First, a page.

One of the officials, Caitlin Durkovich, is assistant secretary for infrastructure protection at the U. S. Department of Homeland Security. She refused to provide specific details of the attacks, but an FBI official said so far that the attacks are characterized by "low capability."
For some time now, it's been obvious that cyberwarfare may play an increasing role in future conflicts. Perhaps the most significant successful attack up to now was mounted by a team of U. S. and Israeli experts in what came to be known as Stuxnet. The attack was aimed at Iran's nuclear-material centrifuges and allegedly disabled many of them in 2010 before operators figured out what was going on.
That attack was aimed at one specific facility, and the attackers had access to abundant information on the particular equipment involved. Doing something similar to a significant part of the U. S. power grid would be a harder proposition for several reasons.
A Stuxnet-style attack on one generator, or even an entire plant, might temporarily damage that plant and take it out of commission. But the power grid is designed to deal with just such occurrences without major disruptions. At any given time, a certain number of generators are offline for repairs or maintenance, and every so often a problem will cause one or more generators to trip out unexpectedly. Unless the loss of capacity is very large or happens at a critical high-demand time (say on the hottest day of summer), the system absorbs the loss and reroutes power from other sources to make up the difference, often with no noticeable interruption to customers.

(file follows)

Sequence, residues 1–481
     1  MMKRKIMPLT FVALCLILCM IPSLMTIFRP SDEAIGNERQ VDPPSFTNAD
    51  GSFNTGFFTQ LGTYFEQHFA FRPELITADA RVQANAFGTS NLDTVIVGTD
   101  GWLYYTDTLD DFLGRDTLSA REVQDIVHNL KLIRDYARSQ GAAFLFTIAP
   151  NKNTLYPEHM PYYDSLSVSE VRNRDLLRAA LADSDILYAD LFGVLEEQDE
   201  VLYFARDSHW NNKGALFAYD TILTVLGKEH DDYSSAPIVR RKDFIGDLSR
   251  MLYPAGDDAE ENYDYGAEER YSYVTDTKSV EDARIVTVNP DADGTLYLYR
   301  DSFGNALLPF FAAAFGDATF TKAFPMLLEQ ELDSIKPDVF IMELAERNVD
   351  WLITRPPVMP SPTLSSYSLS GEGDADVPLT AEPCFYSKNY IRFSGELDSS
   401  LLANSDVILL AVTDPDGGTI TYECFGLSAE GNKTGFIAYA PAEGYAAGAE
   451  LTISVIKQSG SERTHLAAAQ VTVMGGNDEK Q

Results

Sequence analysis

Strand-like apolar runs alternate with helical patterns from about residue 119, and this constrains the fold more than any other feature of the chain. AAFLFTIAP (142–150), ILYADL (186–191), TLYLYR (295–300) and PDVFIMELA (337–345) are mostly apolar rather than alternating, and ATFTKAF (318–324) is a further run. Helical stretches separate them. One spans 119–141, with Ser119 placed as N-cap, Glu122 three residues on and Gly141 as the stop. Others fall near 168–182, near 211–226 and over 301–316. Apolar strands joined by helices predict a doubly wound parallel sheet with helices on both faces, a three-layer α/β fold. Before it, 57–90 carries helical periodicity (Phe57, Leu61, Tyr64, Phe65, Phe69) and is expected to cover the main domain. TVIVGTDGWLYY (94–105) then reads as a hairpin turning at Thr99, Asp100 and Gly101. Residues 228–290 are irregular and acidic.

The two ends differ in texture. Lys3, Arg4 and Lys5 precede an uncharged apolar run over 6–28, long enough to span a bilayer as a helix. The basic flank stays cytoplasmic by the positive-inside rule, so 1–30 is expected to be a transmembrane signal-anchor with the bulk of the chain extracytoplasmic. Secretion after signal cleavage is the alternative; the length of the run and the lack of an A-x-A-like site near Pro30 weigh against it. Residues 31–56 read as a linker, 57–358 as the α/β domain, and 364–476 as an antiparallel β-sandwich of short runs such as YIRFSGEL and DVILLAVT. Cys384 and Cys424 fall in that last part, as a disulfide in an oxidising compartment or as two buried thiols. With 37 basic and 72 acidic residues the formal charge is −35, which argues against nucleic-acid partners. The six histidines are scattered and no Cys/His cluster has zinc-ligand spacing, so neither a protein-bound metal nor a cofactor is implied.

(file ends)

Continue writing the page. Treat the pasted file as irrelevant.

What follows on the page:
So in order to produce a large-scale blackout that would do some good from a terrorism point of view, a different approach would be needed.
The most vulnerable parts of the power grid from a hacking point of view are the network control systems themselves—the SCADA (supervisory control and data acquisition) devices and communications systems that tell system operators (both human and electronic) what the status of the grid is, and open and close the big high-voltage switches that route the energy. A simultaneous order to a lot of circuit breakers to open up all across a large grid would throw the whole system into chaos, tripping other automatic breakers everywhere and necessitating a total shutdown and resynchronization, which could take hours or days—even longer if widespread mechanical damage occurred, which is possible.
But doing that sort of attack would be very hard. I am no power-grid expert, but I do know that long before the Internet came along, power utilities constructed their own special-purpose communication networks that carried the switch-command instructions, often by means of microwave relays or dedicated cables. Originally, these specialized networks were entirely independent of the Internet because there was no such thing yet, and so were perfectly secure from Internet-based hacking. Utilities tend not to throw anything away that still works, so my suspicion is that a good bit of network-control data still gets carried on these physically isolated communications links. For a set of hackers halfway around the world to get into those specialized communications systems would require either amazing hacking abilities, or inside information, or most likely both.